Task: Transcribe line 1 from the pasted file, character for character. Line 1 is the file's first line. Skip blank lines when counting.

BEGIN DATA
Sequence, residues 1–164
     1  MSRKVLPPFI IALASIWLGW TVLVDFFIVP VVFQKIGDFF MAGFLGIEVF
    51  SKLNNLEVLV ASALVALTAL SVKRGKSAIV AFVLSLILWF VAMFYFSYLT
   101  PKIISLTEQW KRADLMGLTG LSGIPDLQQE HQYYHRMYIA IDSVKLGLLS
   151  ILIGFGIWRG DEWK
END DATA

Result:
Sequence, residues 1–164